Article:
Donald Trump to be nation's 45th president; Hillary Clinton concedes

By Eric DuVall
Donald Trump to be nation's 45th president; Hillary Clinton concedes
President-elect of the United States Donald Trump arrives with his family to make his acceptance speech at the New York Hilton Midtown on November 8, 2016 in New York City. Trump stunned the political world by defeating Hillary Clinton. Photo by John Angelillo/UPI | License Photo

NEW YORK, Nov. 9 (UPI) -- Republican Donald Trump on Tuesday completed one of the most improbable campaigns in American history, going from business mogul and tabloid sensation to a reality television star -- and now the 45th president of the United States.

His stunning victory deals a searing blow to Democrats, who hoped eight years after sending the first black man to the Oval Office they would break through the highest glass ceiling for women. In the end, Clinton, a candidate with three decades of experience in public service, was dogged by political scandals past and present that overshadowed her potentially historic White House bid.


Trump, having concluded one of the most divisive campaigns in U.S. history, spoke in the wee hours of Wednesday, promising to unite a country after a closely fought race and "bind the wounds of division."


"It is time for us to come together as one united people. It's time. I pledge to every citizen of our land that I will be president for all Americans and this is so important to me. For those who have chosen not to support me in the past, of which there were a few people, I'm reaching out for your help so we can unify and bring together our great country," he said.

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Trump was gracious speaking of Clinton.

"She congratulated us -- it's about us -- on our victory and I congratulated her and her family on a very, very, very hard fought campaign. Hillary has worked very long and very hard over a long period of time and we owe her a major debt of gratitude for her service to our country. I mean that very sincerely," he said.

By the UPI/CVoter projections, Trump won at least 284 votes in the Electoral College, with some state races still too close to call. Candidates need 270 to win.

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Trump's campaign roused a sleeping giant in American politics: working-class white people, a group that powered the Reagan revolution in the 1980s, but had failed to produce a popular majority in five of the last six elections. Trump's aggressive, unapologetic rhetoric about a nation suddenly devoid of its prior greatness offended millions, but served as a call to arms for millions more.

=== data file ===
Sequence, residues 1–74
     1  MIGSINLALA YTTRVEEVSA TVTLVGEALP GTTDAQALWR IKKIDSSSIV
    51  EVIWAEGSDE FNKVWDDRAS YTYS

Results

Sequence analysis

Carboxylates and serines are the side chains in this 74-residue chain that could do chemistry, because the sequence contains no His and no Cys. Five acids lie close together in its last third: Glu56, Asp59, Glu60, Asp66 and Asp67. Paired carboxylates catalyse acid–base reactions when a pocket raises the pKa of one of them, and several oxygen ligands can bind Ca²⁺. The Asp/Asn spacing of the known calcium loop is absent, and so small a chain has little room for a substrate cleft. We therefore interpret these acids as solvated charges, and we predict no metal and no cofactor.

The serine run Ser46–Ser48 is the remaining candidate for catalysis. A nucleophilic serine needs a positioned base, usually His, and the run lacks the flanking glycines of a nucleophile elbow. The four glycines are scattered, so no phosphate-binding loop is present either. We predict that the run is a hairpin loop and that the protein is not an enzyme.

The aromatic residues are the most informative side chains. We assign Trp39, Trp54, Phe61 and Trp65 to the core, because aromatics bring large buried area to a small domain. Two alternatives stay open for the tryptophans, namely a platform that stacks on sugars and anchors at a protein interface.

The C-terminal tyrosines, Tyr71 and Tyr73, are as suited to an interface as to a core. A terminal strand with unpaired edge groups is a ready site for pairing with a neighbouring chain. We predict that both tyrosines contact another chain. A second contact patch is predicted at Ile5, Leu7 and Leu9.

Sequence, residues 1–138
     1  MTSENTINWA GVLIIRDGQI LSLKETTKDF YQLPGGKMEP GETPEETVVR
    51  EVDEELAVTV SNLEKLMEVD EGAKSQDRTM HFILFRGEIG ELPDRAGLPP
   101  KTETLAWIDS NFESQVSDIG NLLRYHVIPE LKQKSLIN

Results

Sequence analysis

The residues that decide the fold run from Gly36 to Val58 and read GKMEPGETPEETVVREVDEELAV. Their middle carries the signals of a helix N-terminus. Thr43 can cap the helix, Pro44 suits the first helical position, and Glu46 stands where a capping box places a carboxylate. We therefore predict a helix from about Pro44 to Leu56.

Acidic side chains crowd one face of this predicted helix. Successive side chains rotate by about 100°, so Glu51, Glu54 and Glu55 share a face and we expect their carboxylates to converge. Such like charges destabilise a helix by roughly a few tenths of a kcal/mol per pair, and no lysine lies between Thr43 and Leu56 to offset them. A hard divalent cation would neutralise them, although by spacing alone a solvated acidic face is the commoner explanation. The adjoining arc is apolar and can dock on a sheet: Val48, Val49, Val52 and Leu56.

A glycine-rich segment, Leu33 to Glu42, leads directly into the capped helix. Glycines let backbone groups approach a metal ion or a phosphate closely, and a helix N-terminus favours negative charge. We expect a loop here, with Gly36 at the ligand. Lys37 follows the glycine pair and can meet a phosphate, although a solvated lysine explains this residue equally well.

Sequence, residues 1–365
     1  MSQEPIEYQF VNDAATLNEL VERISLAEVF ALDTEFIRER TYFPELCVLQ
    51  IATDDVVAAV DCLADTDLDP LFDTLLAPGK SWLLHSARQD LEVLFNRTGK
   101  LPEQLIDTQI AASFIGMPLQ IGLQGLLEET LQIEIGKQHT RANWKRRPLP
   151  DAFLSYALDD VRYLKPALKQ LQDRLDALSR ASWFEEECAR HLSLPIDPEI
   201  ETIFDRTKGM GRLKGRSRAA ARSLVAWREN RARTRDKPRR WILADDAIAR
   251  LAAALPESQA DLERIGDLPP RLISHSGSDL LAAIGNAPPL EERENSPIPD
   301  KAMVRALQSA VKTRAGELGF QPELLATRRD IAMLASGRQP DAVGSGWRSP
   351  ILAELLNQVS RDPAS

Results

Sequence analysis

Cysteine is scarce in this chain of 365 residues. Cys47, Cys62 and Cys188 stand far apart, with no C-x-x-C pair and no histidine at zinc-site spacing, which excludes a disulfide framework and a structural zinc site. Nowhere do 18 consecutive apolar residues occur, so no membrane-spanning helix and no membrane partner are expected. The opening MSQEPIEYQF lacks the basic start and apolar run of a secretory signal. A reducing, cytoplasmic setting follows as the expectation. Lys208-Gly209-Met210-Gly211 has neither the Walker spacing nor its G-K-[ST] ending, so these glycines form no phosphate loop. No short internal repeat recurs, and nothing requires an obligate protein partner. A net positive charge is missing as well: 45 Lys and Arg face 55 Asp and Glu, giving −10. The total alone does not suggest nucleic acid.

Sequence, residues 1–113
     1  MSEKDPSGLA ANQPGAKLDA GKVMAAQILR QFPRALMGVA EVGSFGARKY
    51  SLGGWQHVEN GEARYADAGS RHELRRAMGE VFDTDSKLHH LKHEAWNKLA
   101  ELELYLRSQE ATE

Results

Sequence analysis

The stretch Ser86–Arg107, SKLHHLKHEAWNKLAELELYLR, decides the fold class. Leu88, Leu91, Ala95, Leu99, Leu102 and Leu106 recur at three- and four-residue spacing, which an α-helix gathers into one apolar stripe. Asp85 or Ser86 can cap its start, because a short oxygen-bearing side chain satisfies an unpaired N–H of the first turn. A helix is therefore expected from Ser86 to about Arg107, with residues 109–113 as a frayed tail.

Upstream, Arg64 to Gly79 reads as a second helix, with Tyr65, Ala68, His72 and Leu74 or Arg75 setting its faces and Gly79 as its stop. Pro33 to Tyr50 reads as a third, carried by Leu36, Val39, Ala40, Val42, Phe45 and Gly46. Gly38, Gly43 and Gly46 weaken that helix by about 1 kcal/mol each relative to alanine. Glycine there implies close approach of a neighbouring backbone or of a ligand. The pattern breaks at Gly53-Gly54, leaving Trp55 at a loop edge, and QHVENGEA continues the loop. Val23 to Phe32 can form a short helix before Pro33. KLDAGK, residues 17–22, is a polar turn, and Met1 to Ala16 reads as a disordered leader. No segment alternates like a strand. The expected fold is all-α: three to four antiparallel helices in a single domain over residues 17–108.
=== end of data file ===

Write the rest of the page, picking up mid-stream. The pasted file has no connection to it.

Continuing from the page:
His policy prescriptions also ignored political norms for a national campaign, channeling the anger of Internet message boards and conservative talk radio into a set of proposals that, if enacted, would permanently change the face of the nation and its relationship to the world. He has proposed building a wall on the Mexican border and promised he will force the Mexican government to pay for it. He assured voters the mass deportation of undocumented immigrants will begin immediately after he is sworn in. He has promised to rip up free trade deals and set fire to an international climate pact negotiated by his predecessor Barack Obama and 200 other nations. He has hinted American military alliances will be subject to allies paying for U.S. protection.

His campaign drew crowds more in line with a rock concert or a football game, and were frequently just as rowdy. Chants of "lock her up!" referencing Clinton's private email server scandal, were as frequent as "USA! USA! USA!" The rallies occasionally turned violent, when supporters physically accosted protesters, with Trump as emcee sometimes egging them on.

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Trump ascends to the presidency after running one of the most unconventional campaigns in the nation's history. He began the race by calling Mexicans "rapists" and "murderers." He repeatedly brawled with his Republican primary opponents including a string of debates each nastier than the last.


He referred to his opponents not with their political honorifics senator, governor or secretary, but with schoolyard taunts: "Little" Marco Rubio, "Lyin'" Ted Cruz, "Low Energy" Jeb Bush, "Crooked" Hillary Clinton.

And that was only the policy end of a campaign that was defined just as often by public feuds the candidate engaged in with ordinary Americans.

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He publicly criticized a Muslim Gold Star family that lost a son in Iraq after they criticized his proposal to halt virtually all Muslim immigration. He ridiculed a former Miss Universe as fat after she became a topic of discussion at the first presidential debate.

Even a month ago, Trump's hopes for the presidency seemed all but lost, after a tape of him speaking into a hot microphone for Access Hollywood in 2005 captured vulgar comments, as he boasted his celebrity status empowered him to kiss and grope women without their consent.

After the tape, a dozen women came forward, each telling a similar story of Trump kissing or groping them against their will – and Trump responded by calling the women liars who were out for attention. Some he said were not pretty enough to warrant his attention.


In electing Trump, millions of Americans voted for a candidate about whose personal finances – and vast business empire – they know less than any major party nominee in the last 40 years. Trump steadfastly refused to open his tax returns to public scrutiny, citing an ongoing audit by the Internal Revenue Service. The New York Times published one year of his taxes, 1996, which showed Trump took a loss of nearly $1 billion, which he later acknowledged he has used to offset taxes on his personal income for more than 18 years.

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